Netflix Doc Tells the Celtics Hero’s Story

Bill Russell is the greatest winner in the history of American professional sports. During his 13-year career with the Boston Celtics, the 6-foot-10-inch center-back won 11 championships, the last two being won while he was a player and head coach. He’s also won two national titles, an Olympic gold medal, five NBA MVP awards, and 12 NBA All-Star titles. Renowned for his all-around rebound, clearance, and defense, he’s been so synonymous with NBA success that the league’s Finals MVP award is now named after him.

That legacy is part of the reason why so many illustrious basketball stars, past and present, are featured in Bill Russell: Legend. However, as conveyed in this two-part Netflix documentary from director Sam Pollard (MLK/FBI, citizens of Ashe), they also joined because Russell is not only a great player—he’s also a passionate civil rights activist who never wavered from who he was or what he believed in, who bravely used her platform to help promote equality for Black Americans.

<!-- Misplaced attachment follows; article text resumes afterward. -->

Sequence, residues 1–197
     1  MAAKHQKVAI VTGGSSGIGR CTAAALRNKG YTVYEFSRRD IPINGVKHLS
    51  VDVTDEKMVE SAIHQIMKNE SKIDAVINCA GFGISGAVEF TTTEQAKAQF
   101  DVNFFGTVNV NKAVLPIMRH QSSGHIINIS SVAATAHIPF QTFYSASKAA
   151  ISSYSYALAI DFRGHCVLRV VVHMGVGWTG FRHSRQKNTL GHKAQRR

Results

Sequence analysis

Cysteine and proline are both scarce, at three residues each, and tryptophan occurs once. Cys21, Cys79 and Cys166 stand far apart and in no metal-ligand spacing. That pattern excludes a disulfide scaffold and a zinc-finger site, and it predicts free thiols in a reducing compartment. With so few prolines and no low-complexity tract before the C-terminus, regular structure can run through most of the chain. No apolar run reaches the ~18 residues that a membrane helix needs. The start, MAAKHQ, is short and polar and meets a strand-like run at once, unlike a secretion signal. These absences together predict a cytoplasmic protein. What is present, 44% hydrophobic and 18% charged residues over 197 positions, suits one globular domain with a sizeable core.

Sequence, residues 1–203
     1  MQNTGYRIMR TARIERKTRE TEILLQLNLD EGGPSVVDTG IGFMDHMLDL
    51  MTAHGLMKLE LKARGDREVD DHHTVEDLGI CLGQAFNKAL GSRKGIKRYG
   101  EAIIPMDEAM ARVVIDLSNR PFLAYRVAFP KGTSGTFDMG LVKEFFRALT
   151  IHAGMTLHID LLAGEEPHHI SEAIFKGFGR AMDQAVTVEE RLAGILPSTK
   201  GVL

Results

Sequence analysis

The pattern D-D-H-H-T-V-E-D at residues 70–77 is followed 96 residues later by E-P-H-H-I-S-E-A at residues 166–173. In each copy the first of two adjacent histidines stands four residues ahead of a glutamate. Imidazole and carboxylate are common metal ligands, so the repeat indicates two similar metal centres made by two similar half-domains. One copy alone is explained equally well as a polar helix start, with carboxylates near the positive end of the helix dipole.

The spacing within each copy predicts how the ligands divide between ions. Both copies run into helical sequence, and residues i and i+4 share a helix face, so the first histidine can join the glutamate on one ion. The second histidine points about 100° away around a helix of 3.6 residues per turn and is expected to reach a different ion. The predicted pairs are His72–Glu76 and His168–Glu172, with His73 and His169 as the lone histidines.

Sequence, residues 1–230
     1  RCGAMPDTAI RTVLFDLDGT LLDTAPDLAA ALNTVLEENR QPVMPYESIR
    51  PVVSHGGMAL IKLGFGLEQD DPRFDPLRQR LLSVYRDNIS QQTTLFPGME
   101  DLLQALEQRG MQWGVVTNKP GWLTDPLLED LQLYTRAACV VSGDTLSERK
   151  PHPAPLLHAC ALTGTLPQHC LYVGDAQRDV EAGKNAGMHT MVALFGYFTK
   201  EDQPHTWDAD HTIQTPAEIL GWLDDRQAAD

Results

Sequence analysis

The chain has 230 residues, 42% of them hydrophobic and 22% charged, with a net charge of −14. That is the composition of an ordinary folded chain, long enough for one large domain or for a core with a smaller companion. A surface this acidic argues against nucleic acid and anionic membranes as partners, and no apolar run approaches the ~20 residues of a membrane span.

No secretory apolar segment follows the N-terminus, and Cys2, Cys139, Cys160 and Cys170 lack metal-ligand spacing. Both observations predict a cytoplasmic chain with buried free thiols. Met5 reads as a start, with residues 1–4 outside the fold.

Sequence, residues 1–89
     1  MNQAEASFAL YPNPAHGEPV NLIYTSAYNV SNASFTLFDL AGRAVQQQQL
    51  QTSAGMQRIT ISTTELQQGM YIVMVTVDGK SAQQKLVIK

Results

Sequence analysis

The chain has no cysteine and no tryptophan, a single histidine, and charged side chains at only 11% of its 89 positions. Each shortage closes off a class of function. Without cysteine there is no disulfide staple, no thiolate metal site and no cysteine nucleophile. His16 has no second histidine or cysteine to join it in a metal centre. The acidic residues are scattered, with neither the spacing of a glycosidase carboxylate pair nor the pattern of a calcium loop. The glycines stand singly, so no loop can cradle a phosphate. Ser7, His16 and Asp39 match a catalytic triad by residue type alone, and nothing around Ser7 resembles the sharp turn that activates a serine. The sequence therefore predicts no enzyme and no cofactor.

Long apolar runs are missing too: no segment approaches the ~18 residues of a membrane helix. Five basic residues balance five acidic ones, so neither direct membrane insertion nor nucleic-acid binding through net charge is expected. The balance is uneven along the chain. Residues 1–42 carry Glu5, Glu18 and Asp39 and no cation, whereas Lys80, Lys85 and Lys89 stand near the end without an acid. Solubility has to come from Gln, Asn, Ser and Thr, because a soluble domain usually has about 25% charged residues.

Narrated by Corey Stoll, Bill Russell: Legend (February 8) won’t be a fun history lesson for basketball fans in Los Angeles and Philadelphia, whose teams — often led by Wilt Chamberlain, longtime nemesis of the team Russell — frequently fell to Russell’s Boston Celtics during his managerial career from 1956-1969. On the other hand, Beantown viewers will love this comprehensive non-fiction portrait that paints a picture of a life defined, on and off the court, by unwavering conviction. Unconcerned with bowing to the expectations of others, is fiercely loyal to his teammates and coaches, despite prejudice against himself and his fellow countrymen, and is committed to doing the right things. right regardless of the arena, as Larry Bird put it succinctly. it, “one who stands up” in every respect.